Cover image of CodeWinds - Leading edge web developer news and training | javascript / React.js / Node.js / HTML5 / web development - Jeff Barczewski
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CodeWinds - Leading edge web developer news and training | javascript / React.js / Node.js / HTML5 / web development - Jeff Barczewski

Updated 6 days ago

Education
Technology
How To
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Keep up with the latest web developer technologies and news covering javascript, React.js, Node.js, HTML5. Learn the current best practices in web and mobile app development.

Read more

Keep up with the latest web developer technologies and news covering javascript, React.js, Node.js, HTML5. Learn the current best practices in web and mobile app development.

iTunes Ratings

4 Ratings
Average Ratings
2
0
0
1
1

Good Podcast

By watermelon animator - Nov 03 2019
Read more
I wish they posted agai

Great content

By Jon de la Motte - Feb 11 2014
Read more
I just finished and loved the hapi review episode. The pace and technical depth are just what I was hoping for!

iTunes Ratings

4 Ratings
Average Ratings
2
0
0
1
1

Good Podcast

By watermelon animator - Nov 03 2019
Read more
I wish they posted agai

Great content

By Jon de la Motte - Feb 11 2014
Read more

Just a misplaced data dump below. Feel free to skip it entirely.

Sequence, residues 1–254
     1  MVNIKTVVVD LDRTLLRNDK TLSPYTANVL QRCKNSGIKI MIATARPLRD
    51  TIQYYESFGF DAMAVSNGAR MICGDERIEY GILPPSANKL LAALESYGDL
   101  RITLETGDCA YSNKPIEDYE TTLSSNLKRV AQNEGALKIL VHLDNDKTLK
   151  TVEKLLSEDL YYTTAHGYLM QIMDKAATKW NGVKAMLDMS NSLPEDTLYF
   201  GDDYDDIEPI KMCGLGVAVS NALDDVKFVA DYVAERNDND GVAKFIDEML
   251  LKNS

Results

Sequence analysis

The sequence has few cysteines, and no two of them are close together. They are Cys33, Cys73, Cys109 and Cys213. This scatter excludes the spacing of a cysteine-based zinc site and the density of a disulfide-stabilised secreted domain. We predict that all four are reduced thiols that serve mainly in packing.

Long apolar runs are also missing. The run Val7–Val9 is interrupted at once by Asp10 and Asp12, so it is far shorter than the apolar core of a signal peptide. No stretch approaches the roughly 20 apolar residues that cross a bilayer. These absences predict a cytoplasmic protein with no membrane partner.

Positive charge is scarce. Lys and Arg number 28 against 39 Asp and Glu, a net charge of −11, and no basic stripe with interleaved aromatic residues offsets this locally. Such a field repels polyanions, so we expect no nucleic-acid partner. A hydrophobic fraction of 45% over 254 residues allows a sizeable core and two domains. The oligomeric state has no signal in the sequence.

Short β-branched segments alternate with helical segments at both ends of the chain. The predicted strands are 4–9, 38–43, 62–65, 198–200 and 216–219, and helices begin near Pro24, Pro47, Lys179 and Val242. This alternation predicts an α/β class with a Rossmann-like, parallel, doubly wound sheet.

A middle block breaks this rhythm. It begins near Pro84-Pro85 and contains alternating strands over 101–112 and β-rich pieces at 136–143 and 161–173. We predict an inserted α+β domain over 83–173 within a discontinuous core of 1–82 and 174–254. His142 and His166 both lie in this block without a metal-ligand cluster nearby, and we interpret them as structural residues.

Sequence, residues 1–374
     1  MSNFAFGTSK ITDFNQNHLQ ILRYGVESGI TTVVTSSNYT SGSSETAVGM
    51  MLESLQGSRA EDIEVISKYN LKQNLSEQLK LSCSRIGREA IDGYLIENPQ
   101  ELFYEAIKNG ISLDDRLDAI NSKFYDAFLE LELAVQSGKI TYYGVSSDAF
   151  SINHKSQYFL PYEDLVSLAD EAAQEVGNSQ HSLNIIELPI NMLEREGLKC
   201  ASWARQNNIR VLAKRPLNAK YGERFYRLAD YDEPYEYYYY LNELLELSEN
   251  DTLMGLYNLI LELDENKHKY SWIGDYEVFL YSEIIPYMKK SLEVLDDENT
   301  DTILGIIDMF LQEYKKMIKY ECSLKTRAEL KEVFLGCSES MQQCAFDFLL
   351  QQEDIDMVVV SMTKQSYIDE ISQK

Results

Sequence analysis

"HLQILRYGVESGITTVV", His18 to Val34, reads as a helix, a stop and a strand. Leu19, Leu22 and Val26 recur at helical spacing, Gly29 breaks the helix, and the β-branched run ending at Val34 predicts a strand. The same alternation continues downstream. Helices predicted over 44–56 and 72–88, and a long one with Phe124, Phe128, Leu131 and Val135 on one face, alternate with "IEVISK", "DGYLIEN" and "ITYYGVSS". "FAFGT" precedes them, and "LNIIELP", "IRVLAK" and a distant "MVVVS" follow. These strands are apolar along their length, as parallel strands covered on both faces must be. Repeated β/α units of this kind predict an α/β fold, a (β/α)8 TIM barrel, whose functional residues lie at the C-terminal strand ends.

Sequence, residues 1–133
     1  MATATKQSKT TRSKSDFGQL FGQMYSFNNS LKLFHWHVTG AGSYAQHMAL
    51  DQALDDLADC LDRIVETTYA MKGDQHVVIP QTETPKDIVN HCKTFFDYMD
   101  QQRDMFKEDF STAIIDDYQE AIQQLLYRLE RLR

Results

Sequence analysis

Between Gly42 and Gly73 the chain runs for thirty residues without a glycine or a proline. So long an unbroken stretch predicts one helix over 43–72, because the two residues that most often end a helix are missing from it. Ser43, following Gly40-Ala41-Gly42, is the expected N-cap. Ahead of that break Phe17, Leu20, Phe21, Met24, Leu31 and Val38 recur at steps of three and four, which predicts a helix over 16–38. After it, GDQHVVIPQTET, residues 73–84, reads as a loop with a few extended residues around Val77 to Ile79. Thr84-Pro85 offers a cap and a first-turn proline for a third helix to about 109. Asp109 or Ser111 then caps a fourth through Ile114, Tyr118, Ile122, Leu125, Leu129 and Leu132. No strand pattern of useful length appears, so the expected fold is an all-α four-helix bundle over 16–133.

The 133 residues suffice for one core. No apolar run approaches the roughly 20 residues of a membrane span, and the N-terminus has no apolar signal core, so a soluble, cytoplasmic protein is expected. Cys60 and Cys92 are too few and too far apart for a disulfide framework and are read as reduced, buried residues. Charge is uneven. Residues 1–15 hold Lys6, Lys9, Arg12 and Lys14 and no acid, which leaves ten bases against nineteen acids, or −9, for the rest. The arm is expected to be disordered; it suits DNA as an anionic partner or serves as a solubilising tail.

I just finished and loved the hapi review episode. The pace and technical depth are just what I was hoping for!

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Cover image of CodeWinds - Leading edge web developer news and training | javascript / React.js / Node.js / HTML5 / web development - Jeff Barczewski

CodeWinds - Leading edge web developer news and training | javascript / React.js / Node.js / HTML5 / web development - Jeff Barczewski

Updated 6 days ago

Read more

Keep up with the latest web developer technologies and news covering javascript, React.js, Node.js, HTML5. Learn the current best practices in web and mobile app development.

004 Pete Hunt, Software Engineer for Facebook, discussing Facebook's open source js UI framework, React

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In this episode, Jeff interviews Pete Hunt, a software engineer with Facebook about Facebook’s hot new open source js UI framework, React. React is a fresh look at how to build UI’s, attempting to improve on the limitations of the past. React gets some of its inspiration from how game engines acehieve awesome performance in their rendering pipeline.